Wednesday, March 14, 2012

This Young Kentucky Writer

Gina, Pitty Pat and I had a great time Monday night.  We heard Silas House speak at West Kentucky Community & Technical College.  (Regular readers might remember my post of two or three years ago, Silas House:  A Man With Soulful Eyes, just after Suzanne, Pitty Pat and I met him at the Southern Festival of Books in Nashville.)

I have read all of his books (my favorite is The Coal Tattoo). They are wonderful stories of family, love and loyalty. And very strong female characters.

Silas spoke about method writing and his use of music to get into the minds of his characters.  Later, he took questions from the audience and read passages from Eli the Good and his newest book, Same Sun Here, which he wrote in collaboration with New York City writer Neela Vaswani.

Although we are from opposite sides of the state and he is much younger, there are similarities between us.

We both grew up in storytelling families and lived near our grandparents and other relatives.  We knew everyone in the little communities in which we were born.  He, too, was subjected to hellfire-and-damnation sermons each Sunday morning and grew up obsessing about the Rapture. 

I wrote about my experiences in my short story, Lost, which will appear in the September issue of Barely South Review.  I worried incessantly about the day when I would be thrown into the fiery pits of hell where I would burn forever and ever without one drop of water for my parched tongue.  And I suspect Silas did the same.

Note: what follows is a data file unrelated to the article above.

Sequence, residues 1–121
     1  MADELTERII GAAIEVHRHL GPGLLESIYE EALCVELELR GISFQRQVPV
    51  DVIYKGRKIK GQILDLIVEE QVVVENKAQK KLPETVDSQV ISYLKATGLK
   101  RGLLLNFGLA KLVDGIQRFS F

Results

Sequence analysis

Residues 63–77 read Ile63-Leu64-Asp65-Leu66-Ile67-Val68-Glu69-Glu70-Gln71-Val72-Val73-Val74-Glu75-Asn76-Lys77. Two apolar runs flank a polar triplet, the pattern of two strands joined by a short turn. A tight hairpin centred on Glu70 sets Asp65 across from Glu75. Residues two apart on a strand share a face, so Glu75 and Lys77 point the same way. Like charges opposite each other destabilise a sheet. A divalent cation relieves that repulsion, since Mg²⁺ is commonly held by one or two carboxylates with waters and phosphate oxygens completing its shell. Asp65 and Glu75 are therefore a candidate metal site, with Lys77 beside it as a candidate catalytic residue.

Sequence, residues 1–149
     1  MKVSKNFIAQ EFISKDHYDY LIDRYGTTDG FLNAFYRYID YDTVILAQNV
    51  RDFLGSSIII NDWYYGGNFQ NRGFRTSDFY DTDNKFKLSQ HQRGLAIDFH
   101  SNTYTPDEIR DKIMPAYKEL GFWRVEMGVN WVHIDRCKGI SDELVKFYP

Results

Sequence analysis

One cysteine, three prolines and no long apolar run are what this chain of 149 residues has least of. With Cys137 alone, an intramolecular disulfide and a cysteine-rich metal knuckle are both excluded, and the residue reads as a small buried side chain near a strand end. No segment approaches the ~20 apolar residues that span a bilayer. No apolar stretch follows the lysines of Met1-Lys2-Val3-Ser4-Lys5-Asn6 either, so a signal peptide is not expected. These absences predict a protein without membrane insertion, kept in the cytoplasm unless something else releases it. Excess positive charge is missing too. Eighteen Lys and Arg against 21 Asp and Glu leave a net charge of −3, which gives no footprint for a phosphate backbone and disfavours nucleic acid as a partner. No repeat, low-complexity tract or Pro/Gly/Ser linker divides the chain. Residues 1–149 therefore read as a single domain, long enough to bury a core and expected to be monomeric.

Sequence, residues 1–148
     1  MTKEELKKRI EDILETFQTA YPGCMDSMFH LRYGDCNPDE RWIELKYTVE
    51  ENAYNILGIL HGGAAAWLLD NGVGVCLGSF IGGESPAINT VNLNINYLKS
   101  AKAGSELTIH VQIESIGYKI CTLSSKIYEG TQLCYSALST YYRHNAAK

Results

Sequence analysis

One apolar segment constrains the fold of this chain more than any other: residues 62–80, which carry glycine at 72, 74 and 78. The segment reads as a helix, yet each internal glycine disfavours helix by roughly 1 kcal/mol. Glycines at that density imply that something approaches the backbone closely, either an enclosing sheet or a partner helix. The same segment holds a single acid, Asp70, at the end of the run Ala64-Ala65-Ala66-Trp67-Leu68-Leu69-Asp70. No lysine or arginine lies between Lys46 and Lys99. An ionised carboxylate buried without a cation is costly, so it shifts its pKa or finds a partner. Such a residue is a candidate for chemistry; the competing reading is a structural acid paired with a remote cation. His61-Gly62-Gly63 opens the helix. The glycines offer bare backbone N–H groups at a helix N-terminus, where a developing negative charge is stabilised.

Silas House is a wonderful human being and very talented.  I predict we will hear much more from this young Kentucky writer in the years to come.     


judy said...

I love Silas House too. It is true, southerners write so many intimate stories of everyday life. My grandmother was a great oral story teller about early life in Santa Barbara, CA. And working as a public health nurse with Mexican mothers crossing the border on foot to have their babies on American soil so they could be US citizens. So you see, the great migration has been going on for a long time. ( Often the babies were born in literal shacks with self appointed midwives. That is how strong the maternal urge was to give a child a chance at the great American dream.)

I went to Mexico with my grandmother when I was 16- if I ever get access again to my blog again, I will write about it. Her taxi driver in Guadalajara, Abel, (at birthing time every few years) he drove his wife all the way from Guadalajara to this side of the Texas border to have their child.

He was born in the USA in Los Angeles, and only lived in Guadalajara because his wife could not bear to leave her family. But he wanted to be assured his children had the opportunity to take advantage of their American citizenship.

I don't think most of the stories here are so fleshed out as in the south. We are a state of mostly immigrants- most from the other 49 states. It somehow waters down the history of the past. It becomes abbreviated. And I so enjoy your every piece about life in the old days. I myself was an Avon Rep for many years! And I do remember the little crown bottle my mother also had. From southeast to south west, You warm my heart with your beautiful stories. Thank you so much. (((hugs))) judy

Poorly written, but hey, you are so kind I know you will overlook my haste. Thank you again- and for your kind recognition of my sorrow at losing my husband's little dog.

Brenda said...

Thanks SO much, Judy. Your kind words warm my
heart. (And hugs to you!)

Brenda said...

P.S. I really enjoyed your family history!

All words and pictures © 2008 Brenda G. Wooley